"f": 4, "i": 1, "h": 4, "k": 5, "j": 8, "m": 3,
"l": 1, "o": 1, "n": 1, "q": 10, "p": 3, "s": 1,
"r": 1, "u": 1, "t": 1, "w": 4, "v": 4, "y": 4,
"x": 8, "z": 10}


letters = 'a c b e d g f i h k j m l o n q  p s r u t w v y x z '.split()
numbers = '1 3 3 1 2 2 4 1 4 5 8 3 1 1 1 10 3 1 1 1 1 4 4 4 8 10'.split()

scores = dict(zip(letters, map(int, numbers)))


The split() function convert your strings into lists and the last command creates the dictionary scores from the pairs of the corresponding letter/number.

(The map(int, numbers) applies the int() function to every member of the number list, as this list seems like ['1', '3', '3', ...].)

Code Cohesion

Several of your functions are doing too much work. For example dict_maker gets input from the user (not specified in docstring). It would be much better to pass that user input as a parameter.

Another function that does too much is list_print. Since it kind of acts like a main function, this is somewhat excusable; however, it's doing its own job (printing the tuples) while also having to call dict_maker.

You could break out some of the code in rack_check into a seperate function perhaps called can_be_spelled. I'd argue this helps with code readability since the function name documents what the inner for loop is doing while also allowing for code reuse.

def rack_check(rack, words):
return [word for word in words if can_be_spelled(word, rack)]

def can_be_spelled(word, rack):
letters = list(rack)
for letter in word:
if not letter in letters:
return False
letters.remove(letter)
return True


Note how this also simplifies the logic too since a function return acts more naturally than a break.

Use a main function so you can import the code in this file:

if __name__ == "__main__":
scores = get_scrabble_letter_scores()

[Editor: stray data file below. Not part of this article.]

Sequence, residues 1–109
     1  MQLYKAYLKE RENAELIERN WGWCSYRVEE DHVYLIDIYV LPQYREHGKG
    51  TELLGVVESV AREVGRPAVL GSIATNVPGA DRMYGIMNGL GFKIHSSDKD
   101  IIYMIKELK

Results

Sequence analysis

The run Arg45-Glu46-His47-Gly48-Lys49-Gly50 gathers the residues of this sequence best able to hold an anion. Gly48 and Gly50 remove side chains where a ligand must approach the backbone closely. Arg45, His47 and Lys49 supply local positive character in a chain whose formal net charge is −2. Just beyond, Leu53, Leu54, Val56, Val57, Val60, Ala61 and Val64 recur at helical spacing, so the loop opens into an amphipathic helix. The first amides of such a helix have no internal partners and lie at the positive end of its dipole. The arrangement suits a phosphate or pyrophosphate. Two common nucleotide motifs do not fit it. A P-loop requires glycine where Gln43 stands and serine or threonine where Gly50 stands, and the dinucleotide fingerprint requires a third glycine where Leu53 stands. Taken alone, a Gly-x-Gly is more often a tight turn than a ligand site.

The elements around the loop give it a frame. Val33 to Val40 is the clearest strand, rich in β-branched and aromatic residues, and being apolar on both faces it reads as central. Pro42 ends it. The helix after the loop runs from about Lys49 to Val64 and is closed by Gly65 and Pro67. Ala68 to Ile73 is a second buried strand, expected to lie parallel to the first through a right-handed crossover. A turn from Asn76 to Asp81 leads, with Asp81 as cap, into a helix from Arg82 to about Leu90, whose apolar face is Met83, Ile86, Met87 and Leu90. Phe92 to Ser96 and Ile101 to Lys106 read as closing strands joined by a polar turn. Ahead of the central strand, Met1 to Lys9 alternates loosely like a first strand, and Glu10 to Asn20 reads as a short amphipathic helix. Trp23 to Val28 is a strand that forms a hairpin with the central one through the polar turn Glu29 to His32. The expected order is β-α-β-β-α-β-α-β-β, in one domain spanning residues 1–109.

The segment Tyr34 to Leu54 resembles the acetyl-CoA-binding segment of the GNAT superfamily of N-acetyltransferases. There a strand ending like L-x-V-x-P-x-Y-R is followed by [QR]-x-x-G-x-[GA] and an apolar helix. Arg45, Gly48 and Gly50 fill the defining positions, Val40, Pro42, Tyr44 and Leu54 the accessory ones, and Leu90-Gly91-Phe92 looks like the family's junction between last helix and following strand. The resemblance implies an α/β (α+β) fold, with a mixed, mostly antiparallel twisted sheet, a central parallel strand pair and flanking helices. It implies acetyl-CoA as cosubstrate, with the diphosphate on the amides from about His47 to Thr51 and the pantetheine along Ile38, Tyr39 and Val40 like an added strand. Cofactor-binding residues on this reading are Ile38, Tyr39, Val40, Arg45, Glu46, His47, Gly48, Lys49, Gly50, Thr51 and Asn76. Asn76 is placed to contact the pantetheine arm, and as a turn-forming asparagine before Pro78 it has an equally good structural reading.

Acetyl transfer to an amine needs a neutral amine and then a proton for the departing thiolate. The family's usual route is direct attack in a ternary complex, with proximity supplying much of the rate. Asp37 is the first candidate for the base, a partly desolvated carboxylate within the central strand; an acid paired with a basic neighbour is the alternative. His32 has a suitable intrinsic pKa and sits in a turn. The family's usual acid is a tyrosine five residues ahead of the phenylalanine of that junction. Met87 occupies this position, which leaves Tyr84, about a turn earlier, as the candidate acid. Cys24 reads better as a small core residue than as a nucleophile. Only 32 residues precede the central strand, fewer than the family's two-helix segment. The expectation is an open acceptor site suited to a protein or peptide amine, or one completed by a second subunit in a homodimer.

word_master = look_up("sowpods.txt")
rack = raw_input("Letters: ")).lower()
dict = dict_maker(scores, word_master, rack)
list_print(dict)


Some quick things to consider:

• You're using a fair amount of hard coded constants and globals. If you refactor these to function parameters, you can programatically change and reuse them (i.e. the score each letter gets, which file the words are stored in, whether you get the rack from a user or an AI). These changes come at little to no cost while also vastly improving the code's cohesion, so why not?
• if valid reads better than if valid == True
• look_up, dict_maker, and list_print are pretty vauge function names
• Getting user input in a function restricts it to a user context
• Printing output restricts a function to a printing context

def calc_score(word):
"""Calculate the score of a given word."""
word_score = 0
for x in word:
word_score += scores[x]
return word_score


may be as simple as

def calc_score(word):
"""Calculate the score of a given word."""
return sum([scores[x] for x in word])


[scores[x] for x in word] is so called list comprehension - it creates the list of scores[x] for every x in word - and then the function sum() will add its items together.

def look_up():
"""Create the variable containing the master list of words."""
master = master.split("\n")
return master


may be as simple as

def look_up():
"""Create the variable containing the master list of words."""
with open("sowpods.txt", "r") as sowpods:
master = list(sowpods)
return [m.rstrip('\n') for m in master]


Using the context manager (with) is preferred for files, as it properly closes a file for you, even after the occurrence of an exception, and moreover gives you individual lines in the sowpods variable.

A combination of other answers plus my own changes (with changes highlighted/explained in comments):

SCORES = {"a": 1, "c": 3, "b": 3, "e": 1, "d": 2, "g": 2,